Lombard Street and the early history of London Banking

Lombard Street has its origins in one of the main Roman roads of Londinium It later formed a plot of land granted by Edward 1st(1272-1307) to goldsmiths from the part of northern Italy known as Lombardy (larger than the modern Lombardy region).

This area marks the birth of modern banking in the City of London. Until the 1980s, most UK-based banks had their head offices in Lombard Street and historically it has been the London home for money lenders. No. 54 was the long-standing headquarters of Barclays before the financial institution moved in 2005. No. 71 was the headquarters of Lloyds Bank and No. 60 was the headquarters of the Trustee Savings Bank (TSB).

What is money? In a mediaeval village most people would have lived by subsistence agriculture and able to function with a barter system. Bartering has problems; both parties have to attribute an equal value to the goods exchanged or involve other people in a complicated chain of deals. The cautionary tale of ‘Jack and the Beanstalk’ reminds us of the pitfalls of assigning equal values in an exchange of goods. Bartering is tiring, inefficient and confusing. Trading is made easier using something that functions as a currency and has an agreed value. Usually this is a precious metal but beaver pelts, cowrie shells and dried corn have all served as currency. Historically in London the basis of the currency was gold.

The Christian Church forbade the lending of money for interest. After the Norman Conquest, Jews from France were invited to London by the Norman and Angevin courts to fill the need for money lenders. The Jews became the King’s ‘sponges’ and his exchequers, collecting his revenue and lending their own money, often at very high rates of interest. Legally Jews in England were effectively part of the King’s property. This entitled them to royal protection and anyone harming a Jew was damaging the King’s property. The Jews prospered and became a very successful community throughout England .Although excluded from guilds and many trades some Jews became goldsmiths, doctors, pawnbrokers and even artists. The royal relationship with the Jews had initially run on a franchise model but over time the crown realised that they could raise more money through a series of punitive taxes on the Jewish community. Popular resentment, increased taxes and decreased royal protection finally culminated in the expulsion of the Jews in 1290 by Edward 1st. Jews would not return to England until they were invited back by Oliver Cromwell.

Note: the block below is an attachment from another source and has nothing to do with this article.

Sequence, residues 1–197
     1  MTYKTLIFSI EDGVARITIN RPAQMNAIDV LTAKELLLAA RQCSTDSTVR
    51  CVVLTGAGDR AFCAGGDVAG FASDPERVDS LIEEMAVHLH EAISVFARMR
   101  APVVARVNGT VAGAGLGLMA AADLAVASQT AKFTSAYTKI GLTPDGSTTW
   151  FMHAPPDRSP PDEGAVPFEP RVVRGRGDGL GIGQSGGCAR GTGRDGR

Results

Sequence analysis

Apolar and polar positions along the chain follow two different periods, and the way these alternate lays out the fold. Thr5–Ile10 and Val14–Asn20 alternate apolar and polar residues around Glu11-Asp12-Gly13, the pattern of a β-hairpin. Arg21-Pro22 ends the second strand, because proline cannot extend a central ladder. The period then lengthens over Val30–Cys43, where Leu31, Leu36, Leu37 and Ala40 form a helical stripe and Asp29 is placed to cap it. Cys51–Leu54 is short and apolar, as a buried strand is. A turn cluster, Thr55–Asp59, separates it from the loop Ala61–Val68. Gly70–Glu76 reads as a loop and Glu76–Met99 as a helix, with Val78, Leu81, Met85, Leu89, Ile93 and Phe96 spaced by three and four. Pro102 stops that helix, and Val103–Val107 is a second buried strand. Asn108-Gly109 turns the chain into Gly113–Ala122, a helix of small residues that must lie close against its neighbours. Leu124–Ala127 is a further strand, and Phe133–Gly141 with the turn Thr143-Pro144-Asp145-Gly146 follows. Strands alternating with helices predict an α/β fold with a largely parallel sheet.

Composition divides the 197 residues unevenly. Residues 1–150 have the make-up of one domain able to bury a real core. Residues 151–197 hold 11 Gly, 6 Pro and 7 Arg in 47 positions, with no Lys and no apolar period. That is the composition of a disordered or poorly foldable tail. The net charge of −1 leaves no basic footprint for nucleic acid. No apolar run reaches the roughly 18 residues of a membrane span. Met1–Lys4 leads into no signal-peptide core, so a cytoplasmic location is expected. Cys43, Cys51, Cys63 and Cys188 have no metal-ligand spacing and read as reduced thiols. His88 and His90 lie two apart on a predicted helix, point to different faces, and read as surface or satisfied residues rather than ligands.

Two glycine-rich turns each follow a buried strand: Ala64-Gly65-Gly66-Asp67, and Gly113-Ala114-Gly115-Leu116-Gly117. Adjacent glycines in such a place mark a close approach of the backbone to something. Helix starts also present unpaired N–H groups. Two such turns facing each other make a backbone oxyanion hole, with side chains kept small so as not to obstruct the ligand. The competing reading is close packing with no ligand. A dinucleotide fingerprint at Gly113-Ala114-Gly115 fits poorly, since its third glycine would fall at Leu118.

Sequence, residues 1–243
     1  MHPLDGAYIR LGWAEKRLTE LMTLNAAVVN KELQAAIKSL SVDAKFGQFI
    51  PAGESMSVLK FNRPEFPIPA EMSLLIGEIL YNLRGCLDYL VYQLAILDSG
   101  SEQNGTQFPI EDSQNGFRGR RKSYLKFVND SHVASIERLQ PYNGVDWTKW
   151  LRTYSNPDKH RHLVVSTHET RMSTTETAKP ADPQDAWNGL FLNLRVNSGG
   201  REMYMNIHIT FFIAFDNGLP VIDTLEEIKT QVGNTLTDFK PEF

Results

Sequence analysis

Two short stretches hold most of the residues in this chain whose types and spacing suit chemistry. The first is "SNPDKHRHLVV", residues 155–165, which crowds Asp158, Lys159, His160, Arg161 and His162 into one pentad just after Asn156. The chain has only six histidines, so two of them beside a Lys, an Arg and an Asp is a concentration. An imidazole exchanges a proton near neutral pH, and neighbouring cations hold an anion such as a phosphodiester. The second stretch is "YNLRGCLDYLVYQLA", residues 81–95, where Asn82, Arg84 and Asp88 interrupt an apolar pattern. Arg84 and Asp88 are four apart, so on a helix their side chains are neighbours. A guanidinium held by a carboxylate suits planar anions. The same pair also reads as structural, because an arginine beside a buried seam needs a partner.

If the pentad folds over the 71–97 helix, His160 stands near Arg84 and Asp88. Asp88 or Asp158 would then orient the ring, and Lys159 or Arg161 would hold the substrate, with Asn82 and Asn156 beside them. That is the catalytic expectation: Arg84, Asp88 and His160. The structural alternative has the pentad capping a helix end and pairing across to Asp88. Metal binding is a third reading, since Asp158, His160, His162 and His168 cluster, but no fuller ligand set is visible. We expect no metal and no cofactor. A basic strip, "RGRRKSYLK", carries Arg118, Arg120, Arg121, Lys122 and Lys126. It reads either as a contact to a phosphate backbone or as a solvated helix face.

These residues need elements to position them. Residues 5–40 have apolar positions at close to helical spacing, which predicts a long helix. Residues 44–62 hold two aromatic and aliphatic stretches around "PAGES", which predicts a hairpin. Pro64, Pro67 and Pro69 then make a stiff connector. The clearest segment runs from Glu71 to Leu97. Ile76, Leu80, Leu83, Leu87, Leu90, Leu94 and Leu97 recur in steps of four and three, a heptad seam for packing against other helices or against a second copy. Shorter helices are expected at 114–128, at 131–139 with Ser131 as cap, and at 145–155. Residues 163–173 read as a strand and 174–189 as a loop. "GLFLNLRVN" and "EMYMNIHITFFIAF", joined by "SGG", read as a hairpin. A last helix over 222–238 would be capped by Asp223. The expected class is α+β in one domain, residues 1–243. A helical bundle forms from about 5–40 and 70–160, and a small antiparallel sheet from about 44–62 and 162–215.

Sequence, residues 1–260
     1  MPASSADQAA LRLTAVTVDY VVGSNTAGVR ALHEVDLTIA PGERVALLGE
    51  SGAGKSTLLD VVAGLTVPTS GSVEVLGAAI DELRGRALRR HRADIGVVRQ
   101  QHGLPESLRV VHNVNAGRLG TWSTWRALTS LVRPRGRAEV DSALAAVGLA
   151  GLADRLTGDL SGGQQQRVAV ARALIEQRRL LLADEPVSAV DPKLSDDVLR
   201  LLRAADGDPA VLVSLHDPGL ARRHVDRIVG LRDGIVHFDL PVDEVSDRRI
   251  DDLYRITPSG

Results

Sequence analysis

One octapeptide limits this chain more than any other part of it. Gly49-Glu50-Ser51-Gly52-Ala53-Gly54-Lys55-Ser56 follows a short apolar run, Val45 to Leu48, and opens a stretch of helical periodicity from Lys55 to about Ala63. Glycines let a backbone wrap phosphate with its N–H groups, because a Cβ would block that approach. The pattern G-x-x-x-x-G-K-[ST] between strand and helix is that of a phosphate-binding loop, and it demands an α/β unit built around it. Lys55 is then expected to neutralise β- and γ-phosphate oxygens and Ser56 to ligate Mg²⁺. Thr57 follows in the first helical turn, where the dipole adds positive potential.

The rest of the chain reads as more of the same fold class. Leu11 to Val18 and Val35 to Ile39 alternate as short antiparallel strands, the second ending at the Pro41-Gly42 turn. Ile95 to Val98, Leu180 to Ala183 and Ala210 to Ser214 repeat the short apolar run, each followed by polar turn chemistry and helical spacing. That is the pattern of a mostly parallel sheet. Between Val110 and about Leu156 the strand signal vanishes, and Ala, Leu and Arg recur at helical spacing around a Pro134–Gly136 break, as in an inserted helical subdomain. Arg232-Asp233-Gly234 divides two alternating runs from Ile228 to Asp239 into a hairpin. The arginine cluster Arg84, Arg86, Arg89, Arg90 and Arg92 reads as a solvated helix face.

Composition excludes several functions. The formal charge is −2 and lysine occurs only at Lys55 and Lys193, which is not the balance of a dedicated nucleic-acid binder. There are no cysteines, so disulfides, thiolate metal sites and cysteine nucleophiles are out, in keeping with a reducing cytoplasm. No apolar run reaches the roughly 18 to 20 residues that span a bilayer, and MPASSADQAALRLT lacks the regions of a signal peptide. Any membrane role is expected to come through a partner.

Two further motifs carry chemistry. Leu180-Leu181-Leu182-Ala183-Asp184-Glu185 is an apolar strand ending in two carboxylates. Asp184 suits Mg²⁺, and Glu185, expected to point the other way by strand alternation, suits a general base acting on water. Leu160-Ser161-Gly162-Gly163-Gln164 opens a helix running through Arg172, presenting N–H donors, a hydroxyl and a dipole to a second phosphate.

After the Jews were banished, the vacuum left was filled by Italian merchants from the great trading ports of Northern Italy. Lombard Street takes its name from Lombardy in Italy. Their vocabulary has left us with the words cash, debtor, creditor and ledger; these merchants conducted their business on open air benches or ‘bancos’ and it is from that word that our ‘bank’ is said to be derived.

The Italian merchants arrived at a time when England was changing from a feudal community, with virtually all its wealth in land, to a commercial society in which surplus money needed to be stored and used for profit. This happened in the sixteenth century after a long and stable government under the Tudors, which saw an age of discovery and the beginnings of colonisation; a time of expansion of trade at home and abroad. Moreover, as the Reformation spread throughout Europe, King Henry VIII, at the end of his reign in 1546, repealed the usury laws. Before this the Church disallowed the lending of money with interest; now money could be lent “upon interest according to the King’s Majesty’s Statute at 10 per cent”. This Act was carried further by his daughter, Queen Elizabeth I, and so the foundation of the modern banking system was laid.

Englishmen of business followed the example of the Italian merchants. In particular, Sir Thomas Gresham, who as a pioneer of lending and borrowing money in the country, became the greatest of the London merchants and is now looked upon as the “Father of English Banking”. He served Henry VIII; Edward VI; Mary I and Elizabeth I and founded the Royal Exchange in 1565 in Cornhill. This was modelled on the ‘bourse’ in Antwerp and provided a meeting place for merchants to conduct their business.